What is called the Nicholas Sigsbee farm, now owned by Mrs. H. E. Bugden, was first settled by David Ogden. It was bought by John Snouse of Canajoharie in 1800. Fifteen years later he moved down to the Baker farm where he is said to have kept a tavern. Then came Peter, son of Henry, Scramling, who lived in a log house on the little knoll southeast of the schoolhouse. He was followed on the place by his son George. John Snouse was a famous hunter, as well as soldier. He was taken from the settlement at old Schoharie by the Indians and carried a captive to Canada where he was held a prisoner for three years before he managed to escape. He could speak the Indian language; and was famed for making the early rude plows. A pair of tongs, made by "Old Mr. Snouts," as he was called, are owned by Mrs. H. J. Hurlbut in Oneonta. Years ago near the comer of the roads by the swamp Jake Cutting had a blacksmith shop.

Ninety years ago the place owned and recently occupied by George Hughston was occupied by Robert and Benedict Northrup. The latter sold to his brother and moved to Addison, N. Y. After Robert Northrup had moved to the river the place was occupied by his sons Hiram and John. Later came Russell Murry. Samuel Clegg bought the place from Ira Bovie. The first settler here was Cyporon Tracy.

The farm owned and occupied by Charles Hughston was in 1795 occupied by Alexander Smith. Ansel Ward bought it from Milo Smith, and lived here about forty years.

The first settlers on the present Edwin Blakely farm were Peter and Elisha Bundy, brothers from Montgomery, Mass. They came in the spring of 1787, the year of the great famine among the settlers on the Susquehanna. Here they spent their first night in town, struck their first blow at the "monstrous big timber" and built their cabins close to the river. Peter Bundy was here six years later, but both brothers soon moved to the Otsdawa. It is said that Peter Bundy first came into Otsego county with William Cooper, who urged him to settle near the lake; but Bundy was interested in the timber, and went farther down the river to get deeper water for rafting. Here he built his cabin, and fetched his family the next year. The name Bundy is thought to be derived from the forest of Bondy near Paris, France, the "Bundys" being among the adventurers who accompanied William the Conqueror to England and who subsequently turned farmers and settled in Kent. The name is frequently spelled Bonda in local records, but the form Bondy does not occur in this vicinity.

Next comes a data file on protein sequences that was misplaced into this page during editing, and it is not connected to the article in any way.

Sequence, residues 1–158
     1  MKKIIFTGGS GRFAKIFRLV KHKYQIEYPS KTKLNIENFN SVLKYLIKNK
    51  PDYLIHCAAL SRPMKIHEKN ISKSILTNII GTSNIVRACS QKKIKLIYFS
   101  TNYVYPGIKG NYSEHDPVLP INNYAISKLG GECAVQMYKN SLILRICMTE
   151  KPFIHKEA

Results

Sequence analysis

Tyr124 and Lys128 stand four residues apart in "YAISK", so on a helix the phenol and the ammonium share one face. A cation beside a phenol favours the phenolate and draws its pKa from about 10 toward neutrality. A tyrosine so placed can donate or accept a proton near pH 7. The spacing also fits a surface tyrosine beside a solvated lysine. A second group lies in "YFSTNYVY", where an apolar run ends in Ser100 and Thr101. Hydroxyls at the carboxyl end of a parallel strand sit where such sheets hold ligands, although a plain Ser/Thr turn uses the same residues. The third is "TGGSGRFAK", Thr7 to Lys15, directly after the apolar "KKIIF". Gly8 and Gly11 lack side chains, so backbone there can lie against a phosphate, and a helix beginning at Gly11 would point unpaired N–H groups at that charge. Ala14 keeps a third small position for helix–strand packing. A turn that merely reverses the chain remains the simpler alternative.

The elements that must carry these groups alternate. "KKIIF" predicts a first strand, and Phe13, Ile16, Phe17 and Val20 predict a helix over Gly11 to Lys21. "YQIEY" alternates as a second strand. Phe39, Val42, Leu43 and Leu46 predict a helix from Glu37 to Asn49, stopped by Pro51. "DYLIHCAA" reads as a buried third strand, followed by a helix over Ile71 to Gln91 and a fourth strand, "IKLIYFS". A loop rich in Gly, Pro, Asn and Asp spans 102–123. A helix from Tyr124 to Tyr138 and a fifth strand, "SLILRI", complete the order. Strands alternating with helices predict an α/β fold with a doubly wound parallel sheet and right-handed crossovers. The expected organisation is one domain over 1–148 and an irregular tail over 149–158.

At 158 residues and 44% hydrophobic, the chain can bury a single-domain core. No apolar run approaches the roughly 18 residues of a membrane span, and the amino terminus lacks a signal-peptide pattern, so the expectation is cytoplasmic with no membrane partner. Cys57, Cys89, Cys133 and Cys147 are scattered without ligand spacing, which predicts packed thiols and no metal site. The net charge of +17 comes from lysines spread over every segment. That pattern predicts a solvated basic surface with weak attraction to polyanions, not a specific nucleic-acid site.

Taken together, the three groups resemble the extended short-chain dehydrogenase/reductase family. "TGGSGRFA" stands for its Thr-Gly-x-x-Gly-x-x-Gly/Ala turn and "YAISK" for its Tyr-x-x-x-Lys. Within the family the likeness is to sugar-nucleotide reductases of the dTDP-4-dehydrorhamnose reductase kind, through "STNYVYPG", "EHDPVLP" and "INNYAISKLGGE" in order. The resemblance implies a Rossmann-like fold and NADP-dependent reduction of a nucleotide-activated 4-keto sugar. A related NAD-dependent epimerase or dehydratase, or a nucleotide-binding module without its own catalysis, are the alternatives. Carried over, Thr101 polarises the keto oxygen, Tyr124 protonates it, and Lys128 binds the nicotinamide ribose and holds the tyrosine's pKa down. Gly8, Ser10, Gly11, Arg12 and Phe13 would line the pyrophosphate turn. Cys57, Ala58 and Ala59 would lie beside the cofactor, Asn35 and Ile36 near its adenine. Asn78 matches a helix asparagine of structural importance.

The upper part of the Blakely farm and the strip of land abutting it on the east, of which what is known as the Peter Mickle place is a part, was a lot that was sold by Gouldsbrow Banyar to Henry Klock in 1801. Within five years Klock had moved to Chenango county, having sold the part nearer the river to Houtice Smith and the remainder to John Snouse. The whole tract finally passed into the hands of Peter Scramling. At his death Scramling's large landholdings on this side of the river were divided among his eight children. To-day none are possessed by any of his descendants. The house on the so-called Mickle place was built by Alfred Hess about forty-five years ago. Peter Mickle bought the place in 1888 from John Williams, and it is now occupied by Fred Eliot. Eighty-five years ago the upper part of the Blakely place was occupied by John A. Hodge; it was bought from the Scramling heirs by William Stuart of Madison county in 1851. A century ago the lower part of the Blakely farm was occupied by Philo Goodrich, who built the house there that was burned in 1887; about 1830 a man named Greenslate lived there; Stuart bought it from Aristarchus Mann in 1851.

Seventy-five years ago on the Blakely farm, back on the mountain beside the old road, lived George Northrup and his son Samuel. A little way above them lived Asel Bennett.